Scarlet v SABAM: a win for fundamental rights and Internet freedoms
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Deutsch: Scarlet vs. SABAM: Ein Sieg für die Grundrechte und die Freiheit des ...
On 24 November 2011, the European Court of Justice decided that an Internet service provider (ISP) can not be ordered to install a system of filtering of all electronic communications and blocking certain content in order to protect intellectual property rights. The Court largely based its decision on the Charter of Fundamental Rights.
The ruling is hugely important for the openness of the Internet, and therefore for the fundamental rights value and the economic value of the Internet.
SABAM (the Belgian collective society - Société belge des auteurs, compositeurs et éditeurs) wanted the ISP Scarlet to install a generalised filtering system for all incoming and outgoing electronic communications passing through its services and to block potentially unlawful communications. In First Instance, while refusing the liability of the ISP, the Brussels Court concluded that the SABAM's claim was legitimate and that a filtering system had to be deployed. Scarlet appealed and the case was referred to the Court of Justice of the European Union.
In its decision, the Court of Justice ruled that a filtering and blocking system for all its customers for an unlimited period, in abstracto and as preventive measure, violates fundamental rights, more particularly the right to privacy, freedom of communication and freedom of information. In addition, it breaches the freedom of ISPs to conduct business.
The EU ruling underlines the importance of an open and neutral Internet, respecting fundamental rights. The alternative would have lead to a permanent surveillance and filtering of all European networks. The consequences would have been catastrophic for democracy, civil rights and the Internet economy. The role of Internet intermediaries is to provide the infrastructures and services that allow users to access and use the Internet, not to police the flows of traffic to privately enforce intellectual property rights. By protecting ISPs, the ruling is likely to preserve key elements of the online economy and society. The Court sought the right balance between the interest of the rightsholders on the one hand and the interests of the ISPs and of citizens on the other hand.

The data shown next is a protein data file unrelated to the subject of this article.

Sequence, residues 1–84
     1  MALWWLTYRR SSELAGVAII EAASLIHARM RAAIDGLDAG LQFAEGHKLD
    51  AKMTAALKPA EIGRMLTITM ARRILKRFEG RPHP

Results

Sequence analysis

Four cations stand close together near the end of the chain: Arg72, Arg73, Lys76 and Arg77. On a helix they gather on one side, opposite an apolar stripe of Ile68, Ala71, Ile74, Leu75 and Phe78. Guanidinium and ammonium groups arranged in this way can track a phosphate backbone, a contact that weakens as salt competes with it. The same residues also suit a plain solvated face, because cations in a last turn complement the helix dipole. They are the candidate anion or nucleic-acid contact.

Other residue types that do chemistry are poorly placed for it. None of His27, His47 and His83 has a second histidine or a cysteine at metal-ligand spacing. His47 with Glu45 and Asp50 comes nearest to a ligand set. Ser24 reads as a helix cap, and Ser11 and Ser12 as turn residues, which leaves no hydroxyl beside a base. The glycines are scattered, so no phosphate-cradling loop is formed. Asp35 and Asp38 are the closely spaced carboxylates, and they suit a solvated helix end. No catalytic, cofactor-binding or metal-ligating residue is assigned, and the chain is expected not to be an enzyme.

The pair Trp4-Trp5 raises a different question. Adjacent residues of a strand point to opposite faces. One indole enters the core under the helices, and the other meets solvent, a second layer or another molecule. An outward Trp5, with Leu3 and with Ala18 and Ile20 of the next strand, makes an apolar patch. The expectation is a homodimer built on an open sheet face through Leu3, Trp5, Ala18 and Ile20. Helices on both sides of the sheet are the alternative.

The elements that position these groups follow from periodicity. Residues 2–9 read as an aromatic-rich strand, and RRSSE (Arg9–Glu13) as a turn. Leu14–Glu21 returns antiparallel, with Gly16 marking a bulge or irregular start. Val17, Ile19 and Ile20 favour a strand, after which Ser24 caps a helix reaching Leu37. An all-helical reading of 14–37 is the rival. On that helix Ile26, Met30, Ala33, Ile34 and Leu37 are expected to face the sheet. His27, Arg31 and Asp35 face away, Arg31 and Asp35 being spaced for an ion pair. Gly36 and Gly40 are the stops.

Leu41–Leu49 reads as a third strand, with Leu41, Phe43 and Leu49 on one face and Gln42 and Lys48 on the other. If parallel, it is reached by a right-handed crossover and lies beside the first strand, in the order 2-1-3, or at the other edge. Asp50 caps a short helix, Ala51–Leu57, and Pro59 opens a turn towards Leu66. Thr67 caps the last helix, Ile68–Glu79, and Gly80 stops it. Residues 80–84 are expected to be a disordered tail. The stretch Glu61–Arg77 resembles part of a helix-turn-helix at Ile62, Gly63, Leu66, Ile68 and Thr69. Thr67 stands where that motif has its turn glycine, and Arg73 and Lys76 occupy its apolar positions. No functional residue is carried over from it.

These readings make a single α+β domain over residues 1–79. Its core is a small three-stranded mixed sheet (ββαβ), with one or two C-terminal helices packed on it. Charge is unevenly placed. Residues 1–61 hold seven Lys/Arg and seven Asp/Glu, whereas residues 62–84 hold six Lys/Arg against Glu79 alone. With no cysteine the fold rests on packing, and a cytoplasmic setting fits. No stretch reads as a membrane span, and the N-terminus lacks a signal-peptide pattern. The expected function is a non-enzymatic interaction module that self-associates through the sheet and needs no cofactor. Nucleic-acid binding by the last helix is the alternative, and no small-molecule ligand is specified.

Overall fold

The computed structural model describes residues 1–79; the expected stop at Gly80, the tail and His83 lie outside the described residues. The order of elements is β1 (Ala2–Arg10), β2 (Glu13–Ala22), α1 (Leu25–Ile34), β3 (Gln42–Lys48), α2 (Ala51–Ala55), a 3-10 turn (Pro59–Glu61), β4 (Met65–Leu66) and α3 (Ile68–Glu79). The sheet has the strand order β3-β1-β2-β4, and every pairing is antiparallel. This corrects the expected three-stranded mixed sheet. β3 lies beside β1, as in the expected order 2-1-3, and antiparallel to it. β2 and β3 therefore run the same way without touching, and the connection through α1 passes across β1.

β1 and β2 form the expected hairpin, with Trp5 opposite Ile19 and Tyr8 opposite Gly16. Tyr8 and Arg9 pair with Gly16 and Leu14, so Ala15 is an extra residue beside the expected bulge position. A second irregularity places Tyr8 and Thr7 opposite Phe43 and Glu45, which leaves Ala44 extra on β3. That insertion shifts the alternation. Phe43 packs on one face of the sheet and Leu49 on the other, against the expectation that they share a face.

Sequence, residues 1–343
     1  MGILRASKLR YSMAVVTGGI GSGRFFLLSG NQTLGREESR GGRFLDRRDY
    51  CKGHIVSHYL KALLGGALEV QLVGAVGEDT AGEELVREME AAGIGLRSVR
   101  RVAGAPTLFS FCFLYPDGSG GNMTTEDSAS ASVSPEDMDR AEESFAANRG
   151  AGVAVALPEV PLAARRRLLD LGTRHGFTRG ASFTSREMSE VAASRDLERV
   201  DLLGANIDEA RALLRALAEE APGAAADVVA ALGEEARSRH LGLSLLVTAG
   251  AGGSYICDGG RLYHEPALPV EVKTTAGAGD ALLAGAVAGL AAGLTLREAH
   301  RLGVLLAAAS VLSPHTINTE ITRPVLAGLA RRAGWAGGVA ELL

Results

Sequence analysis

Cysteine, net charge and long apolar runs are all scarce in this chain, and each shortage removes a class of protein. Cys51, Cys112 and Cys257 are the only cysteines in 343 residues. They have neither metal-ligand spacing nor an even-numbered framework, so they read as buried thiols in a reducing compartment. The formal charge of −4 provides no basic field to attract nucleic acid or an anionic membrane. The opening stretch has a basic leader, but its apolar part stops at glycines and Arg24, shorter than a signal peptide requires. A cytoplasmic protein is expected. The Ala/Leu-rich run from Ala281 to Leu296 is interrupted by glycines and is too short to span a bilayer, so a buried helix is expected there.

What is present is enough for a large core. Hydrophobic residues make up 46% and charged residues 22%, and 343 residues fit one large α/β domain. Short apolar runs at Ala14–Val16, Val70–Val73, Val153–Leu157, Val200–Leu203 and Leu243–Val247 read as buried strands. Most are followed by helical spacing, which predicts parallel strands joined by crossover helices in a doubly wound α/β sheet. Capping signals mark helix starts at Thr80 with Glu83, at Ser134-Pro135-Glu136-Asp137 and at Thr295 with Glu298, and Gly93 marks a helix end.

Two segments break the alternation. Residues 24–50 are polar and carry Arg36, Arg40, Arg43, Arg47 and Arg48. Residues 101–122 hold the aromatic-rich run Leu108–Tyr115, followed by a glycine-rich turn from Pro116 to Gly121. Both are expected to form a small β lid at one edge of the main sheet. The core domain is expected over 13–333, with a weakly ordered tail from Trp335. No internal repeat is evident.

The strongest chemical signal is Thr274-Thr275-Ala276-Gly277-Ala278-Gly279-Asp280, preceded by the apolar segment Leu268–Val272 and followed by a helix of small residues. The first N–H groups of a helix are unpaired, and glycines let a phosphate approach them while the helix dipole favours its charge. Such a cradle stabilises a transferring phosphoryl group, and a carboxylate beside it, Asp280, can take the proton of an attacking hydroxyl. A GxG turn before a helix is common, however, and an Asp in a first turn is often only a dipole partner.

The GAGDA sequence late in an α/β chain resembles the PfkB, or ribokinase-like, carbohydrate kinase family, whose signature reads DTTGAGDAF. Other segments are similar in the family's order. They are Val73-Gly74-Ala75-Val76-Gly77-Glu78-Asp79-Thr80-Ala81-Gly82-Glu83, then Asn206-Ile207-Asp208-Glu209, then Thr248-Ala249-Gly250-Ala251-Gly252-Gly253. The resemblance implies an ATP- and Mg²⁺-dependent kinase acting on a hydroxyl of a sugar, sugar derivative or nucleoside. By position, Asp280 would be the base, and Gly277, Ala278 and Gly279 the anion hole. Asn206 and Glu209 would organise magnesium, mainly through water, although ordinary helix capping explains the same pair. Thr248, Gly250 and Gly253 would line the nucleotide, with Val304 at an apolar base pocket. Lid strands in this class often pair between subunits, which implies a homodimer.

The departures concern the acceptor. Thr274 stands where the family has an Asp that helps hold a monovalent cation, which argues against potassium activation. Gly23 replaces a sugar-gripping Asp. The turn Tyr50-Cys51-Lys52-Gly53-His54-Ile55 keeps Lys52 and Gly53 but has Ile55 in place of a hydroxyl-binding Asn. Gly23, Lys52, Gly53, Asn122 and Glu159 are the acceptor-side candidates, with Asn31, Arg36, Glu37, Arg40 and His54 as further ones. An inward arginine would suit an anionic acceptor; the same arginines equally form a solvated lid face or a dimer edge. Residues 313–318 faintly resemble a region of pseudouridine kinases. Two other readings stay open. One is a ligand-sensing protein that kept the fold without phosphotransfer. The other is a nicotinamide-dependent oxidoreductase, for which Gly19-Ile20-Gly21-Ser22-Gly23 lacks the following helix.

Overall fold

Internet blocking is not completely banned by the decision neither does it deny ISPs' liability in every situation. On the former, the EU Court had to rule on the liability of the type of blocking/filtering that was proposed. On that point, it declared that the level of filtering and blocking asked for in the case was too broad in terms of material and geographic scopes, that the legitimate interests of society as a whole outweighed the other interests at stake and that the unlimited and open-ended nature of the blocking was excessive. As a result, the Court ruled that the proposed measures were in violation of the European law. The Court could not have made a ruling on unknown future technologies and developments or answered questions it was not asked. On ISP liability, the ruling avoids the circumvention of the existing EU law. In the current framework in the e-commerce Directive (2000/31/EC), the ISP cannot be held liable for its customers' behaviour when the ISP is unaware of illegal activity.
Far from creating a law free zone, the ruling sets safeguards to better protect fundamental rights on the Internet. The decision re-establishes the importance of the rule of law in the digital environment. Illegal behaviour remains illegal but the policing stays the responsibility of the state, and the liability stays on the person responsible for the illegal content.
ECJ Decision Scarlet vs Sabam (24.11.2011)
Press release and FAQ from EDRi (24.11.2011)
Press release from ECJ (24.11.2011)
(Contribution by Marie Humeau - EDRi)